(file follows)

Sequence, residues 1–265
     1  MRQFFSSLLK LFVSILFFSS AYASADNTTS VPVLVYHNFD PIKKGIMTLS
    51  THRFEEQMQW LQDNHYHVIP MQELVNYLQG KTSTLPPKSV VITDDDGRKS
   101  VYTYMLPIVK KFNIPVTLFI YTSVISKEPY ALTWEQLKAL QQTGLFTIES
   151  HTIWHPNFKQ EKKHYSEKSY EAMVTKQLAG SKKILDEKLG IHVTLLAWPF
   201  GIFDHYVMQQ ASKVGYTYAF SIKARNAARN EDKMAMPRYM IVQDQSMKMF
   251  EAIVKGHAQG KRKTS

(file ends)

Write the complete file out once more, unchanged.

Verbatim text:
Sequence, residues 1–265
     1  MRQFFSSLLK LFVSILFFSS AYASADNTTS VPVLVYHNFD PIKKGIMTLS
    51  THRFEEQMQW LQDNHYHVIP MQELVNYLQG KTSTLPPKSV VITDDDGRKS
   101  VYTYMLPIVK KFNIPVTLFI YTSVISKEPY ALTWEQLKAL QQTGLFTIES
   151  HTIWHPNFKQ EKKHYSEKSY EAMVTKQLAG SKKILDEKLG IHVTLLAWPF
   201  GIFDHYVMQQ ASKVGYTYAF SIKARNAARN EDKMAMPRYM IVQDQSMKMF
   251  EAIVKGHAQG KRKTS